At the end of the course the Tourism Board, DMO or Travel Company ends up with very unique and incredibly awesome travel videos that they can use to promote their area. If you are a PR company or are interested in finding out more then please email us at contact@fourjandals.com

Follow us on Twitter with the hashtag #TB2TV to be kept up to date. We look forward to hearing from you and getting started on this exciting project!

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Europe

Bloghouse in the fairytale village of Besalu

Having the opportunity to visit the stunning village of Besalu to attend the first ever Bloghouse was the chance of a lifetime. One I would jump at again.

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Besalu Town Costa Brava Spain

Besalu Town Costa Brava, Besalú

Besalu Village

In September this year I was invited to join a handful of the most influential bloggers in the travel blogging industry. For two intense days we knuckled down in the fairytale village of Besalu in Costa Brava.

From one of the most photographed bridges in Spain, to its narrow alleyways, Besalu is one of those cute towns that you could spend hours exploring.

It is a place where you can wander between the little cafes and everyone will greet you with a smile.

Besalu Village Alleyways

The reason I had been invited to Besalu and the Bloghouse, was to provide us with a chance to focus on identifying our blogs strengths, weaknesses and overall path for our adventure travel blog. It was an opportunity that new bloggers dream of.

And we had it all laid on for us. We were hosted by the wonderful team at Charming Villas who provided us with one of the nicest houses mansions I have ever stayed in. Scratch that, Casa Marcial was the nicest place I have ever stayed in!

A pool, about a gazillion rooms and foundations from the 17th Century. This photo was taken from the backyard…

Charming Villa Bloghouse backyard Besalu

We had as much booze as we could drink. Which to be fair was a ridiculous amount. A personal chef showing us how to cook Paella, and enough food the rest of the time to feed an army.

We spent our days learning the intricate details of fine tuning our content, creating better videos and the overall art of travel blogging.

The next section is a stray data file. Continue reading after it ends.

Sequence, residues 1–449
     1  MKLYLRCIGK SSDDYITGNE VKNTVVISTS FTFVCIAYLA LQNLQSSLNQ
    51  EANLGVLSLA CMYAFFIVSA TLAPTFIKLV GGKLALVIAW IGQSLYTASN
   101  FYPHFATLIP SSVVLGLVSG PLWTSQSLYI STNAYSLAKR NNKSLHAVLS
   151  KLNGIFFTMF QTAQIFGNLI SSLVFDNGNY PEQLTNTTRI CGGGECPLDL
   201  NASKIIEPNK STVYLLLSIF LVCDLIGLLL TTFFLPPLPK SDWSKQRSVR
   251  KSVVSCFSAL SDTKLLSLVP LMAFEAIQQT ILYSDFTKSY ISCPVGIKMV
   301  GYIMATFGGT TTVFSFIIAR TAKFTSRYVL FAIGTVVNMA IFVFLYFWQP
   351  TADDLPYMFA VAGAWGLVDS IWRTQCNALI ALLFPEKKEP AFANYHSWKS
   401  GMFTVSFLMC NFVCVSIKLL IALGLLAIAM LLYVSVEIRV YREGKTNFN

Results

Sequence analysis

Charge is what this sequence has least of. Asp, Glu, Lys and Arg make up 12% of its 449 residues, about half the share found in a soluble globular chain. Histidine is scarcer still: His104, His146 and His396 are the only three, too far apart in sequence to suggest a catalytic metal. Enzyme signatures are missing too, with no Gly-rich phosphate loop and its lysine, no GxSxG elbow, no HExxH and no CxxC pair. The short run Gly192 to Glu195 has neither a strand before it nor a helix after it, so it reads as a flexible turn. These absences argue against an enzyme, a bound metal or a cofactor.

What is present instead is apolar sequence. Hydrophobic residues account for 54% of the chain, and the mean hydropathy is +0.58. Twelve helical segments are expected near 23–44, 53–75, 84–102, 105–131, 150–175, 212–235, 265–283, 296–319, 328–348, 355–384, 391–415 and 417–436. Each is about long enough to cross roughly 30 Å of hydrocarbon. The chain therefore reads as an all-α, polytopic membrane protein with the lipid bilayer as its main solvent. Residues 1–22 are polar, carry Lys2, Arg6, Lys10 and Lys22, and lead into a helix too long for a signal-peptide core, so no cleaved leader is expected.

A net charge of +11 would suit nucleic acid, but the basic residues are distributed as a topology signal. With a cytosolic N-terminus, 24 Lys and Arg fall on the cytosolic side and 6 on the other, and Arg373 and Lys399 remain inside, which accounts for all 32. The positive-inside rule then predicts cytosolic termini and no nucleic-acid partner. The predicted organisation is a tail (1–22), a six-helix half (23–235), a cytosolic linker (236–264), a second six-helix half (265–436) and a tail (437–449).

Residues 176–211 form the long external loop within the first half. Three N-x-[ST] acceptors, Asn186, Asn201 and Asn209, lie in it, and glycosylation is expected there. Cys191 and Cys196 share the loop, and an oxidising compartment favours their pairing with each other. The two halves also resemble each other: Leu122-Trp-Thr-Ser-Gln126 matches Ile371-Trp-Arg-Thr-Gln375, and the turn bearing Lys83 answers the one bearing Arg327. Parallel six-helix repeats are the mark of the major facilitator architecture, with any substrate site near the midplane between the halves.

While this may sound very mundane to most of you, it is all helping to transform Four Jandals.  If you take a look back at our journey from when we first started posting articles a year ago (please don’t look they are horrendously written), to where we are now, there is a HUGE difference.

It is these sorts of opportunities that experienced travel bloggers provide to us, that make me love the decision to throw away a very successful career and pursue our dreams and passions full time.

And ultimately provide better stories and adventures for you to read.

Besalú Bridge Costa Brava

But it wasn’t just the Bloghouse that was so amazing.

It was the wonderful village and people of Besalu who opened their doors for us that cemented it as a place I will return to.

From the scrumptious cakes across the stunning Besalu bridge at Ribera Bistro, to the extravagant dinner at Pont Vell restaurant, the locals welcomed us in with open arms.

It is these sorts of small towns and villages that make me fall in love with travelling over and over.

Besalú Town Costa Brava Spain

So if you ever have the chance to visit Spain, then make sure you schedule in a few days around Costa Brava. And ensure you head towards the French border to explore the incredible village of Besalu.

You won’t regret it.

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Meet Cole and Adela

Cole and AdelaWe have been wearing out our jandals (Kiwi for flip-flops) on our travel adventures around the world since 2009. We think our blog is thought provoking and a little witty. But we have been proven wrong before. Find out more about us here...